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Irina Slav

Irina Slav

Irina is a writer for Oilprice.com with over a decade of experience writing on the oil and gas industry.

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Oil Prices On Course For A 10% Loss This Week

  • Oil prices are set to book a significant loss this week, with WTI and Brent on track to post a 10% loss if Friday’s trade is in line with the rest of the week.
  • Demand concerns continue to trump bullish news in the oil market, with fears of a global recession being amplified by monetary policy tightening.
  • The price cap on Russian oil has so far had a limited effect on oil markets, leading traders to sell their positions.

Crude oil prices are about to book a week of sizeable losses, during which market movements erased all gains Brent and West Texas Intermediate had made since the start of the year.

According to Bloomberg, the cumulative weekly loss for the benchmarks could reach 10 percent if today’s trade is in line with what we’ve seen so far this week, as demand concerns trumped the news of China reopening after massive Covid restrictions.

At the same time, even though the price cap on Russian oil that G7 put into effect on December 5 was theoretically bullish for oil, traders figured out it was unlikely to have any immediate effect on physical oil supply and instead of buying began selling their positions.

This could yet change once the dust from the cap’s implementation settles and the potential for supply disruption unfolds.

For now, there have only been hints: Turkey’s new proof-of-insurance rules are one such hint, which has got some 20 million barrels of Kazakh crude stuck in the Turkish straits. At the same time, traders are sounding the alarm over confusion in the physical oil market where cargos have never been traded at fixed, unchangeable prices.

Meanwhile, however, fears of a looming global recession fuel a bearish mood among traders, and this is getting reflected in prices.

“Oil has been dragged lower by broader recession fears that accompany global monetary policy tightening,” Vishnu Varathan, the head of Asia economics and strategy at Mizuho Bank, told Bloomberg. “And given the lags in monetary policy, a ‘wall of tightening’ may hit the global economy yet.”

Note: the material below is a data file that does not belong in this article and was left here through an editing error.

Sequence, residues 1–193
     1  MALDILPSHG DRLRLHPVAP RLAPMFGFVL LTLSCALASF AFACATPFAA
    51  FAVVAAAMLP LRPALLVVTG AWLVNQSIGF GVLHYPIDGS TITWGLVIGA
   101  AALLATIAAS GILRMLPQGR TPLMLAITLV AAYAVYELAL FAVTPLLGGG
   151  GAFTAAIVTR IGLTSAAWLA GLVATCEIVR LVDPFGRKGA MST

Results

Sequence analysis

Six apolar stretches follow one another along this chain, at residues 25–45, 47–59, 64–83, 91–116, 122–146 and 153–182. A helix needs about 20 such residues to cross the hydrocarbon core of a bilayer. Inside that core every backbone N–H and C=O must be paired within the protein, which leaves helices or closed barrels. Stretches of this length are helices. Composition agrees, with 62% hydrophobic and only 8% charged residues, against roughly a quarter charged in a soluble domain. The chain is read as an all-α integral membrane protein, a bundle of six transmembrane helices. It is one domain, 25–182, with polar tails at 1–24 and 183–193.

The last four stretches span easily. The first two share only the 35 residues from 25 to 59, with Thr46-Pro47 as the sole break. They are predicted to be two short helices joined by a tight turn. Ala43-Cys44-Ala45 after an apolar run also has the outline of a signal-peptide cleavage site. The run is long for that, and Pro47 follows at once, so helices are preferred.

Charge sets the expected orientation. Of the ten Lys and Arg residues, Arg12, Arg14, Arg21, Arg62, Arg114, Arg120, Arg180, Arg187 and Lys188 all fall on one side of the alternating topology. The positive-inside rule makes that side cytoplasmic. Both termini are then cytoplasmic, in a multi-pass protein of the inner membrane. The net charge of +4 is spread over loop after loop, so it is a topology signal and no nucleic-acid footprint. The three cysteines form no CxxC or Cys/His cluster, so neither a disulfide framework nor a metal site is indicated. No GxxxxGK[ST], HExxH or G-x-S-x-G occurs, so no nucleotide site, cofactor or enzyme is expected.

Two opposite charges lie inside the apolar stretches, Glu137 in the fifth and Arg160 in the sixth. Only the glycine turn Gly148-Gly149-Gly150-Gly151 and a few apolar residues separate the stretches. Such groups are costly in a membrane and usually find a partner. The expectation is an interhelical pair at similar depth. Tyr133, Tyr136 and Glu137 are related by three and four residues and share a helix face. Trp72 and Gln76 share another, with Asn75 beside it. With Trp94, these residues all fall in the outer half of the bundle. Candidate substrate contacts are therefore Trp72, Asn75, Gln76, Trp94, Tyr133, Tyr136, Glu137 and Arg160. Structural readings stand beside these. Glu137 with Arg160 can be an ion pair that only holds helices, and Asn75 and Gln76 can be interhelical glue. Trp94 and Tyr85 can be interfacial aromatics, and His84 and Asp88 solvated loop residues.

The bearish factors are s strong right now that even the news of the Keystone pipeline spill and consequent shutdown did not have any substantial effect on oil prices.

"I would tend to think that, any minute here, you're going to see a headline hit the tape that's going to say that Keystone is going to be back sooner rather than later," Bob Yawger, director of energy futures at Mizuho, told Reuters.

By Irina Slav for Oilprice.com


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  • Mamdouh Salameh on December 09 2022 said:
    Oil prices are volatile by nature and are able to reverse course and surprise the market. Moreover an oil price cap can never work in a tight market.

    The recent decline in Brent crude has nothing to do with the Western price cap and everything to do in confusion and uncertainties in the market and concerns about impending recession. However, all this could change suddenly and prices could recoup all their losses. This happened before and will happen again since the strong fundamentals of the market haven’t changed.

    The only thing the cap has created in the market is confusion and eventual supply disruptions. But this will clear soon when the market realizes that the cap isn’t working.

    Authors contributing to the oilprice.com shouldn’t rush to count their chicken before they are hatched. Actions by Russia and OPEC+ as well as more easing of the lockdown in China could transform the market in no time.

    Dr Mamdouh G Salameh
    International Oil Economist
    Global Energy Expert

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